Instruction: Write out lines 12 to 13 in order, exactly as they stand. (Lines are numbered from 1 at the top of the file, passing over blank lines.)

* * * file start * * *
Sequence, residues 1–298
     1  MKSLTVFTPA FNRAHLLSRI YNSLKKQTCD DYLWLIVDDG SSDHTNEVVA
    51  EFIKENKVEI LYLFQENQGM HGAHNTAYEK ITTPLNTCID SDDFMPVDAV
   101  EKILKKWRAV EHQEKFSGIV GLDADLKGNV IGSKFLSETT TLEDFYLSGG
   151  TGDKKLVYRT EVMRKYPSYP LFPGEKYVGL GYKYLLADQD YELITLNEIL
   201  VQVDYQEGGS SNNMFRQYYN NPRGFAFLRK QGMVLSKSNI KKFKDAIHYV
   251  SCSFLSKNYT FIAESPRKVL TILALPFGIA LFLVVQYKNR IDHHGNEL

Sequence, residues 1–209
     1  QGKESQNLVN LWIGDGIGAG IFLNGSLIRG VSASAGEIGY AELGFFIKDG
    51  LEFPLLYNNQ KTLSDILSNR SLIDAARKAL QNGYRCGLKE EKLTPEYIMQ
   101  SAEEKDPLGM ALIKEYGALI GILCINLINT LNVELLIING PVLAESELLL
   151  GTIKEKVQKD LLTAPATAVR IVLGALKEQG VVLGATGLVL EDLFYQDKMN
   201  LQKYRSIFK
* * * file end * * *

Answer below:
   151  GTIKEKVQKD LLTAPATAVR IVLGALKEQG VVLGATGLVL EDLFYQDKMN
   201  LQKYRSIFK